Idiom fun! It’s raining cats and dogs
Perhaps one of the most enjoyable parts of learning another language and really getting into the culture of another country is to look at their idioms. This post starts a series on idioms, their meaning and their translation. It’s sure to be a romp.
First of all, what is an idiom?
An idiom is a set of words that have a meaning not deducible from the individual words themselves. If you don’t know the expression, you either look at the opposite person with utter confusion or you laugh out loud. After all, could you imagine cats and dogs falling from the sky?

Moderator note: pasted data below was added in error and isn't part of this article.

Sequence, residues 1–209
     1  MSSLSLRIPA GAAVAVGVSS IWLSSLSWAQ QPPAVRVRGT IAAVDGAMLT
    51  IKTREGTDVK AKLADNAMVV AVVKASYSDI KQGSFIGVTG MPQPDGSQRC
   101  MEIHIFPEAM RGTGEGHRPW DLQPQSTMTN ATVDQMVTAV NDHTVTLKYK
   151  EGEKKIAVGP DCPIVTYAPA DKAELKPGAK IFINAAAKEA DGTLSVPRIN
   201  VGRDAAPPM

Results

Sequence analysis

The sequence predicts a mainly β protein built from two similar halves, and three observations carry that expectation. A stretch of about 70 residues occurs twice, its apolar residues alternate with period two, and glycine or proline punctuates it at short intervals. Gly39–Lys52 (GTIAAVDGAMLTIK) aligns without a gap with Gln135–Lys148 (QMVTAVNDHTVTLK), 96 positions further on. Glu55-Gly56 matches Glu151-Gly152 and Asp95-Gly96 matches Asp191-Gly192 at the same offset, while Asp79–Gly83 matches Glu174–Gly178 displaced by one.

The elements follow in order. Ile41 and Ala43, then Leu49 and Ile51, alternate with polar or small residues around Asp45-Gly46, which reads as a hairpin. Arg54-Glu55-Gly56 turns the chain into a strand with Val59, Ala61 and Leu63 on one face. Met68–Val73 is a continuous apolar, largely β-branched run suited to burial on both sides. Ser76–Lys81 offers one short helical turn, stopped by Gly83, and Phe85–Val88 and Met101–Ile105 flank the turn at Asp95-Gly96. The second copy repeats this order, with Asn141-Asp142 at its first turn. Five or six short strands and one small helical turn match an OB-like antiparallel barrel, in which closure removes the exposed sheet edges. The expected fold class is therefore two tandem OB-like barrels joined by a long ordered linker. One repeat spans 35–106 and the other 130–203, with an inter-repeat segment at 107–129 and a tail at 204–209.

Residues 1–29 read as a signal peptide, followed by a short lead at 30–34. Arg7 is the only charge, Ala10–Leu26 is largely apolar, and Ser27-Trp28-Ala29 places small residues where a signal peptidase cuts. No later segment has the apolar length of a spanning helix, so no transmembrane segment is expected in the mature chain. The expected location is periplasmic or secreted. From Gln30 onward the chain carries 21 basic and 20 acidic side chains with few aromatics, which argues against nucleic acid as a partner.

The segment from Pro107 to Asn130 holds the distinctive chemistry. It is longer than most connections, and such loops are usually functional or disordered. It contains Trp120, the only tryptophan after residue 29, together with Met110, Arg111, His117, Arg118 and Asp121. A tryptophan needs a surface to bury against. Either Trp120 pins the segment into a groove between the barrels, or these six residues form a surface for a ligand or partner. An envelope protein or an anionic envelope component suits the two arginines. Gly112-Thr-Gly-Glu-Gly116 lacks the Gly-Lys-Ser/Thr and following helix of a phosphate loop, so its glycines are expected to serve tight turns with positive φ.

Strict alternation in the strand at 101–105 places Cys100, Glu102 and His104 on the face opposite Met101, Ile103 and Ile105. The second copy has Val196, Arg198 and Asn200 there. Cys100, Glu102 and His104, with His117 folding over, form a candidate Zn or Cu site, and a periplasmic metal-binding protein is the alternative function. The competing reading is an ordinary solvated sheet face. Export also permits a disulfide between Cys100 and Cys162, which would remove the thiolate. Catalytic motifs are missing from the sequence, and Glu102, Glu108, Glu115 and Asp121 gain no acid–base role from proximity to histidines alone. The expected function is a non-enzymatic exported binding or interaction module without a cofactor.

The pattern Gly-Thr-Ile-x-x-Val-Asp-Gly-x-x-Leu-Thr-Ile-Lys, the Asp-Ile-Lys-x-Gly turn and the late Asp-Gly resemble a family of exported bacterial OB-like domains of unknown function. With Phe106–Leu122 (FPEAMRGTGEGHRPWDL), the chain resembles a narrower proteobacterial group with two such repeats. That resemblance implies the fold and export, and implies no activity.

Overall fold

It’s raining cats and dogs
‘It’s raining cats and dogs’ is often used as an example of idiom when teaching young children parts of speech. What does it actually mean?
Well, when it’s raining cats and dogs, it’s raining very heavily.
Let’s look at what others say:
French:Â Il pleut des cordesÂ – It’s raining ropes
German: Es schÃ¼ttet aus Eimern – It’s raining out of buckets
Italian: Piove che Dio la manda – It’s raining as if God has sent it
Dutch:Â Het regent pijpestelen – It’s raining pipe stems
Spanish:Â Estan lloviendo hasta maridos – It’s even raining husbands!
But perhaps our all time favourite is Welsh: Mae hi’n bwrw hen wragedd a ffyn Â – It’s raining old ladies and sticks
There you have it! Get in touch via TwitterÂ if you have a particular idiom you’d love to know.